A quarterly international literary journal

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© 2022 The Plentitudes.
All rights reserved.

The Plentitudes is a quarterly international literary journal founded in New York City.

Each issue showcases a selection of captivating stories, essays, and poetry from diverse voices. 

Kingston



by Meghan Kemp-Gee


/ Poetry /

It’s January 2006 and here’s how cold it is:

Everyone’s wearing armor under their jeans. It’s a clear day and

everyone’s catching their breath back from the sudden solid

mountainsides of wind pealing in from off the lake and

knifing between buildings as they’re crossing Princess Street.

Everyone’s already breathless, already been laid flat

by the last big nasty blast. At the crosswalk, everyone walks

with a jaywalker’s kind of rushing gait to class and

back, expecting trouble with the concrete,

suspicious of the sidewalks on inadequately salted mornings.

Everyone’s knees are flexed. Everyone’s soles hover midstep,

muscles braced, gloved hands’ fingertips

turned up like talons as they anticipate

the slip, hard jar, swing and

precarious warp, the moment of falling or not falling

as RMC boys, pink-shaven and eighteen, glance

at premeds’ heads bleached white with frosted lips rushing

out of biolab at Queen’s, and they are months away

from Kandahar. If you ask me ten years from now

what to say about that, I won’t know where to begin,

but if you ask me now, I’ll know exactly what it means. In any case,

when the bars let out at 2 a.m., people still want ice cream.

A man comes into the Dairy Queen straight from the Penitentiary and

while he’s ordering he tells you how for literally years inside he’s been

dreaming of the strawberry-banana milkshake that you’re about to make, and

after the lateshift, when you finally get inside, your skin

will be corpse-cold for hours, but in the meantime

your housemates show me how their handles of vodka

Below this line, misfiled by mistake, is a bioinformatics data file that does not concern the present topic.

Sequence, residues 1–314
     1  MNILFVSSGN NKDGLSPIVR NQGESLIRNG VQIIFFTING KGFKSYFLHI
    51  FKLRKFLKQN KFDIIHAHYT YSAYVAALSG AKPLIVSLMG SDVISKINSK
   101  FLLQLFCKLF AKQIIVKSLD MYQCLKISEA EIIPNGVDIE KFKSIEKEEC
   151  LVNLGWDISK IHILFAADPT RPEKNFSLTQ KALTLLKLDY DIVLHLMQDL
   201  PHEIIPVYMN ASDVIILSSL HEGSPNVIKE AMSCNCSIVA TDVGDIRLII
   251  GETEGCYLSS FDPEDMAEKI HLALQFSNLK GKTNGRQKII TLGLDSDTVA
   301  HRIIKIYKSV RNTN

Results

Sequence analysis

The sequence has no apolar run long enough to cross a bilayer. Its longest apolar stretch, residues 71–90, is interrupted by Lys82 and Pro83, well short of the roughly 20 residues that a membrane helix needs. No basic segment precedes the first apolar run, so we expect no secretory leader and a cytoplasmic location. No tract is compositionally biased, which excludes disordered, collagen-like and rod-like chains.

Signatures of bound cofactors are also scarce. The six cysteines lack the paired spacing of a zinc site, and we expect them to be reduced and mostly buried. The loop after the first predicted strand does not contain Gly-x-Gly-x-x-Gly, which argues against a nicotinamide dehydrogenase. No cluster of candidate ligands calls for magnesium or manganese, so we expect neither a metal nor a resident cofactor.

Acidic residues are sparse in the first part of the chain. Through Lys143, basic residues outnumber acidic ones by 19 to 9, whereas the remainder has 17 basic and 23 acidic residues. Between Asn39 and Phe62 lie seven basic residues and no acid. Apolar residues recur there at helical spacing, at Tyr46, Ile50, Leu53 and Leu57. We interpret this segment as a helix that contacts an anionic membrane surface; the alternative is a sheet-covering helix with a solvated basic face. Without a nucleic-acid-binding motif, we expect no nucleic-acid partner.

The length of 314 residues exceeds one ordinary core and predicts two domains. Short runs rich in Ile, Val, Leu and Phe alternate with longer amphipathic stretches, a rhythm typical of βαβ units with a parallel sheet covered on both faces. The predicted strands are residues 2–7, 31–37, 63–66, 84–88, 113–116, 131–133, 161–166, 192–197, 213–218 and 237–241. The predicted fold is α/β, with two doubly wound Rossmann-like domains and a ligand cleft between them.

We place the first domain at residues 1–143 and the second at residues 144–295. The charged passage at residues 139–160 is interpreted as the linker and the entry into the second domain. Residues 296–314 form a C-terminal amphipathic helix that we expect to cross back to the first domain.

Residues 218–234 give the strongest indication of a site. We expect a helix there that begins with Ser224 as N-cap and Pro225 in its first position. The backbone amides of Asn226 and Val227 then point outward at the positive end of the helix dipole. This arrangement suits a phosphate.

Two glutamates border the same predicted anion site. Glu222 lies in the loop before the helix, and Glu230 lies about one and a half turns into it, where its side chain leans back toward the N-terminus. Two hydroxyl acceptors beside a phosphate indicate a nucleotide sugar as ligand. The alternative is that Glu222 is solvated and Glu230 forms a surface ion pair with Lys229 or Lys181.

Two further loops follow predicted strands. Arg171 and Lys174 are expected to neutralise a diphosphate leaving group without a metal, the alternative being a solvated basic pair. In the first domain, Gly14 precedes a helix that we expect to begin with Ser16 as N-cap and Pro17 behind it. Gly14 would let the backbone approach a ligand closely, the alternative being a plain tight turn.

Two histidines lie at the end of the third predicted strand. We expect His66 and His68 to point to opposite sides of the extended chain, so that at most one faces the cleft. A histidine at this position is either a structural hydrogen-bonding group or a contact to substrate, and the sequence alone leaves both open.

froze outside on the back porch at the co-op, everybody laughs, and

I do verb tables at the kitchen table, amo amas amat, my passport

in the pocket of my coat hung by the door beside my bus ticket

back to Massachusetts, my coat with everyone else’s coats

piled up, and with everyone else one-by-one having made it home and

only you still out, I count the sparrows in my lap

as the city transubstantiates against the weather front.

The barometric pressure blathers, amo amare amatus, I promise

I promise I promise. I do not love what love is.

I do not love being a subject in a democratic monarchy,

I do not like being a non-resident alien

in a constitutional republic. I do not love grammar,

amabo amabis amabit, but time has teeth: its course

deposes, sublimates. The body undergoes

a change of state, sprawls across continents, throws a leg over

weeks half-remembered, straddles everything come and

gone and come back since. It’s January 2006,

the kind of cold where you can feel it killing you:

the breathlessness and racing heart is really

you, just starting to die. I won’t be able to say for years

how cold it is. It does not translate

in present tense. I won’t be able to say

until ten years from now what this means,

what it is to come in from the cold.

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